No, you’re not seeing things. Cracker Barrel, a Southern restaurant chain that has come under fire for discrimination and lack of inclusivity in the past, is celebrating Pride this June. Some of the restaurant chain’s iconic rocking chairs might be sporting a rainbow, part of a new campaign to bring “the front porch to Pride.”
“We are excited to celebrate Pride Month with our employees and guests. Everyone is always welcome at our table (and our rocker). Happy Pride,” a Facebook post from Cracker Barrel reads.
While most customers on social media praised the Tennessee-based Southern restaurant and country store chain for openly supporting the LGBTQ+ community in the more than 10,000 comments on the post, others unsurprisingly vowed to never to eat at Cracker Barrel again, saying the restaurant is now too “woke”.
“We take no pleasure in reporting that Cracker Barrel has fallen,” ultra-conservative organization the Texas Family Project tweeted. “A once family friendly establishment has caved to the mob.”
Calls for a boycott are being drowned out by people praising the company’s move toward inclusivity, many who’ve chosen not to darkened the doorstep of a Cracker Barrel for years due to its previous intolerance toward the LGBTQ+ community.
“I’ve avoided Cracker Barrel for as long as I can remember, not knowing if my family was truly welcome,” one person commented. “We’ll be sure to stop by our local location soon!”
Another commenter wrote, “This is so heartwarming to see and makes me want to go get breakfast at the closest one tomorrow! Don’t let hate win. We need more of this.”
The company has a long history of discriminatory practices toward both employees and customers leading to multiple lawsuits and scandals over the years. In 1991, the Cracker Barrel corporation fired several LGBTQ+ staff members, saying it would no longer employ anyone from the gay community. The policy was eventually reversed. There was also a 2006 lawsuit in which Cracker Barrel paid $2 million to 51 employees at three Illinois restaurants for sexual harassment in the workplace and discriminating against Black staff members and customers. In 2016, the U.S. Equal Employment Opportunity Commission sued Cracker Barrel for violating federal law after refusing to hire a qualified dishwasher candidate in Maryland because he was deaf.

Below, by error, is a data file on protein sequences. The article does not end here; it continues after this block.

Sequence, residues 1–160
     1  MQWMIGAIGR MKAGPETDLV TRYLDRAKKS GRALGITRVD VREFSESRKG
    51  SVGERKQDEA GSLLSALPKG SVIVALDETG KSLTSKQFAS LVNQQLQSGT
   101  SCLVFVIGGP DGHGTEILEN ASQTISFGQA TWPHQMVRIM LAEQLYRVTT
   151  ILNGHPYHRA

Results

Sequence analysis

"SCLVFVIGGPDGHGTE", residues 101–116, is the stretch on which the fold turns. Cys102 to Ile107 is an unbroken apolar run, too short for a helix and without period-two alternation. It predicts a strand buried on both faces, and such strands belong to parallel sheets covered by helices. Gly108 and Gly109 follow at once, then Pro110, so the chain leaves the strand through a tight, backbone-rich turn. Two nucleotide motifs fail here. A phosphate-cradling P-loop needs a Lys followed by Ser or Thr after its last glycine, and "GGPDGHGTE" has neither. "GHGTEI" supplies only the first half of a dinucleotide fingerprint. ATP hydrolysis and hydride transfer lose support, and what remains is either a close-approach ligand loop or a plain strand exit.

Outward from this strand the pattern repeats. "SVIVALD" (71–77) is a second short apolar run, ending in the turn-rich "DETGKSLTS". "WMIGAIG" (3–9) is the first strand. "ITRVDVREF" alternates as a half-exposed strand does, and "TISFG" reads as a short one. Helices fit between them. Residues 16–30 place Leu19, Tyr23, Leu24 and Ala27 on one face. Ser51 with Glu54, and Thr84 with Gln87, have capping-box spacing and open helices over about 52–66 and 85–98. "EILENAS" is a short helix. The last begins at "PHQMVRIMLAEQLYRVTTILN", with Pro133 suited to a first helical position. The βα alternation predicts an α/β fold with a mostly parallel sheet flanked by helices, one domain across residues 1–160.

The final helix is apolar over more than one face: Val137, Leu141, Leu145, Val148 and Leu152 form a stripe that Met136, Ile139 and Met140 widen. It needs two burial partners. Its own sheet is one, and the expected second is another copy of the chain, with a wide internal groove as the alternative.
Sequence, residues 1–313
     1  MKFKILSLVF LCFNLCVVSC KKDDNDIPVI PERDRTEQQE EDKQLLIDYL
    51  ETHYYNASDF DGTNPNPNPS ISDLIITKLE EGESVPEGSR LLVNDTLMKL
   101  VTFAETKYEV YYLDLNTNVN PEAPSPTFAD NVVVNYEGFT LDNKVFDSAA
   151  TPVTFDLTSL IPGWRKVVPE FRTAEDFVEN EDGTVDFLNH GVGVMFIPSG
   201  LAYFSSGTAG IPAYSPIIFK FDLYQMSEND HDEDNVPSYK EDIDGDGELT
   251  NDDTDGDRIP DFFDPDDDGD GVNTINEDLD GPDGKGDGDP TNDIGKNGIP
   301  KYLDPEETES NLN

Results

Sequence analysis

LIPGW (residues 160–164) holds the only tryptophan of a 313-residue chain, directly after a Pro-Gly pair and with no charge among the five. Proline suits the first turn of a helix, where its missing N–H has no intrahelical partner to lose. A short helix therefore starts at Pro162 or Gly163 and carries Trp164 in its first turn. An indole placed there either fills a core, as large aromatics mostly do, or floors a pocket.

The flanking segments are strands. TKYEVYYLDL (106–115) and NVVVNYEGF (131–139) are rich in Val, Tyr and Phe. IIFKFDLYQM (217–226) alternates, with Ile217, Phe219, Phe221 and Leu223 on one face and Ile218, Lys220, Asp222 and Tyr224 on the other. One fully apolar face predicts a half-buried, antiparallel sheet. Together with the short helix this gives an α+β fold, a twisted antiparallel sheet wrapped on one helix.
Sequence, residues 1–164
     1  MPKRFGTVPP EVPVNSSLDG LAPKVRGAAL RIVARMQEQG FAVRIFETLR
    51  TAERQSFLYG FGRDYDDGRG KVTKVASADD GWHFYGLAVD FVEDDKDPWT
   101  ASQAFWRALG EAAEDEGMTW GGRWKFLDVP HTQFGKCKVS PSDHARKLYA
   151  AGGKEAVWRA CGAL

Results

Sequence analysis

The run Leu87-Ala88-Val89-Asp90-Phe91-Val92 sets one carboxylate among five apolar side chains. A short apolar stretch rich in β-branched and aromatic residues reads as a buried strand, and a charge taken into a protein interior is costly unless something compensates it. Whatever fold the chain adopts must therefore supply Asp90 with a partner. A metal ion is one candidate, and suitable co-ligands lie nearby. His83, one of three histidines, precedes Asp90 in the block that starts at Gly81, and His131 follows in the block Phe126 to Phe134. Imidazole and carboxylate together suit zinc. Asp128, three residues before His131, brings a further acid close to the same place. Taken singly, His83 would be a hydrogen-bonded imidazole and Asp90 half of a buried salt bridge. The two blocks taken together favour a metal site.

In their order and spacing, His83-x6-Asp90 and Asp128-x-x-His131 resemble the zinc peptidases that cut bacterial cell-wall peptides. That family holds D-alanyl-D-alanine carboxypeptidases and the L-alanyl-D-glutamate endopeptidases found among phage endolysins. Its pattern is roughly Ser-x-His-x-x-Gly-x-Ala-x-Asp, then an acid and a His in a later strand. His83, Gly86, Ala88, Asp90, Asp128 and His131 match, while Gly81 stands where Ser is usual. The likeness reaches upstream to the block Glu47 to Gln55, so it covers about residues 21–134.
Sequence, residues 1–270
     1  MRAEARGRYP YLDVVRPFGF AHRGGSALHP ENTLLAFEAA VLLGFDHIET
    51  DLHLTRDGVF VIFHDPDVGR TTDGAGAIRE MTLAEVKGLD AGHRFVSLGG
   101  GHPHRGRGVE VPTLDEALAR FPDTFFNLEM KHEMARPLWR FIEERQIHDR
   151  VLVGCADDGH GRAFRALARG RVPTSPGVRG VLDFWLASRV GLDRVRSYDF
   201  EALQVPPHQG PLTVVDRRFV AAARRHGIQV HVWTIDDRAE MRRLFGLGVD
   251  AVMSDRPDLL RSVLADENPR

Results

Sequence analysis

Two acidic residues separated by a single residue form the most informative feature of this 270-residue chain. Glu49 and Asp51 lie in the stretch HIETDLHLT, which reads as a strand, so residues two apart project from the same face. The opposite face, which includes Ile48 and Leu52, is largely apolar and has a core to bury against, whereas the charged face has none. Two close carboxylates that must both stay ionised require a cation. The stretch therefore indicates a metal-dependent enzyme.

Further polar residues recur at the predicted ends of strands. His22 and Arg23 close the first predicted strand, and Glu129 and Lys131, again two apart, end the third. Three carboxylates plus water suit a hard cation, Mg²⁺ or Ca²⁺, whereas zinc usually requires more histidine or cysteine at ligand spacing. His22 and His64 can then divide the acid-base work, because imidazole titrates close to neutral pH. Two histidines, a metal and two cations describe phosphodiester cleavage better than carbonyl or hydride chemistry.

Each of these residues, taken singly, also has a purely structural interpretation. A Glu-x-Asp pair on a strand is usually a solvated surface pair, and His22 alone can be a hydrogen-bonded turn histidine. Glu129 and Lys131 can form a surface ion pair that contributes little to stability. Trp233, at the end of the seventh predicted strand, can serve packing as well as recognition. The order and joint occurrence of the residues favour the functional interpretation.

The company since then has made some strides toward inclusivity, including adding vegan sausage patties to its breakfast menu last year. The Impossible sausage patty option is part of Cracker Barrel’s build your own breakfast menu and is filling a food need for a new customer base. As if on cue, that move also prompted naysayers to call out the restaurant chain for being too “woke” for its own good and saying they would never eat there again.
Cracker Barrel’s public stance in support of LGBTQ+ people and Pride comes at a time when the rights of this community are under serious threat at the local, state, and federal levels.
According to the ACLU, 491 anti-LGBTQ bills have already been introduced in states across the country during the 2023 legislative session. This includes in Tennessee where Governor Bill Lee signed an anti-drag bill into law in March and in Georgia where Governor Brian Kemp signed a controversial bill earlier this spring limiting certain medical treatments for transgender minors in the state.
“The south is also the site of the majority of 400 bills proposed that are anti-LGBTQ,” executive director of the LGBTQ Institute Tim’m t. West told the AJC in March. “So you have this confluence of a stronghold of LGBTQ people who live in the south and at the same time they face mounting adversity and challenges.”
Cracker Barrel includes over 660 locations across the United States, located mostly along major interstate highways. Florida features the largest number of Cracker Barrel locations in one state, followed by Texas, Tennessee, and Georgia, with more than 45 locations statewide.